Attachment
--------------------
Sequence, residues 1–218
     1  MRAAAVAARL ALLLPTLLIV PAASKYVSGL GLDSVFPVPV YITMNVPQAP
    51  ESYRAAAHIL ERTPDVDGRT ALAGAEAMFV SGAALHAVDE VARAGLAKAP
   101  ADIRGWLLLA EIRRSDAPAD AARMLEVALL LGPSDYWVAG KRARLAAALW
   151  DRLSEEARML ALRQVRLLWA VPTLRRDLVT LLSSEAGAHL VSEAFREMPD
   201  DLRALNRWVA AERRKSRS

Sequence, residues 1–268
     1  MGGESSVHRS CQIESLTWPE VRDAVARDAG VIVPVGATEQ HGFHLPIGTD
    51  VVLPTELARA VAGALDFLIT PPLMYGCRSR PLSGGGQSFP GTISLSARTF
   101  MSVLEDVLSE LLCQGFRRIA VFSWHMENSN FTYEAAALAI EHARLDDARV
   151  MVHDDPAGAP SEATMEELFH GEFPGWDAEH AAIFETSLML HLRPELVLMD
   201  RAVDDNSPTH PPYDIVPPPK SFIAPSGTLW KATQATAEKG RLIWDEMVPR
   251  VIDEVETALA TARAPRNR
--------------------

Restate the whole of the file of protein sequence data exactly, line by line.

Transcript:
Sequence, residues 1–218
     1  MRAAAVAARL ALLLPTLLIV PAASKYVSGL GLDSVFPVPV YITMNVPQAP
    51  ESYRAAAHIL ERTPDVDGRT ALAGAEAMFV SGAALHAVDE VARAGLAKAP
   101  ADIRGWLLLA EIRRSDAPAD AARMLEVALL LGPSDYWVAG KRARLAAALW
   151  DRLSEEARML ALRQVRLLWA VPTLRRDLVT LLSSEAGAHL VSEAFREMPD
   201  DLRALNRWVA AERRKSRS

Sequence, residues 1–268
     1  MGGESSVHRS CQIESLTWPE VRDAVARDAG VIVPVGATEQ HGFHLPIGTD
    51  VVLPTELARA VAGALDFLIT PPLMYGCRSR PLSGGGQSFP GTISLSARTF
   101  MSVLEDVLSE LLCQGFRRIA VFSWHMENSN FTYEAAALAI EHARLDDARV
   151  MVHDDPAGAP SEATMEELFH GEFPGWDAEH AAIFETSLML HLRPELVLMD
   201  RAVDDNSPTH PPYDIVPPPK SFIAPSGTLW KATQATAEKG RLIWDEMVPR
   251  VIDEVETALA TARAPRNR